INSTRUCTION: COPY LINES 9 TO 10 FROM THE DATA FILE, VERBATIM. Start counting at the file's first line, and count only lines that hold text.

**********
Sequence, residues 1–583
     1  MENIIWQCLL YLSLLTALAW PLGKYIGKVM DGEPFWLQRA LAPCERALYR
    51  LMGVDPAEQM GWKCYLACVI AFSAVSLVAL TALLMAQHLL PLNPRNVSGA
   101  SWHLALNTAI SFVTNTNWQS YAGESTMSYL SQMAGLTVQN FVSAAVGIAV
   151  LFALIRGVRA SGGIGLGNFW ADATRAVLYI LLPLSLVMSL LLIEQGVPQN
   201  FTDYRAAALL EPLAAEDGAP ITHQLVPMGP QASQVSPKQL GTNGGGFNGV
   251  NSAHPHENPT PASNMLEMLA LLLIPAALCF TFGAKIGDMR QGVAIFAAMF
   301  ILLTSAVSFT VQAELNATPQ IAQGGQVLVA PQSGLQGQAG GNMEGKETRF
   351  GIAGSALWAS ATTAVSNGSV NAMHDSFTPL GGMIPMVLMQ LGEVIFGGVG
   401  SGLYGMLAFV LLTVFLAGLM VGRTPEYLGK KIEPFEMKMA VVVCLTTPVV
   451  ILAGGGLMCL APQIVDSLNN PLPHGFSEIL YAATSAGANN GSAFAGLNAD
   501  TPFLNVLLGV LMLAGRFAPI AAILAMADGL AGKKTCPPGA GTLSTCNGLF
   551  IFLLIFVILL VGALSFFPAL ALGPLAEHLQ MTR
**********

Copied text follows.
   351  GIAGSALWAS ATTAVSNGSV NAMHDSFTPL GGMIPMVLMQ LGEVIFGGVG
   401  SGLYGMLAFV LLTVFLAGLM VGRTPEYLGK KIEPFEMKMA VVVCLTTPVV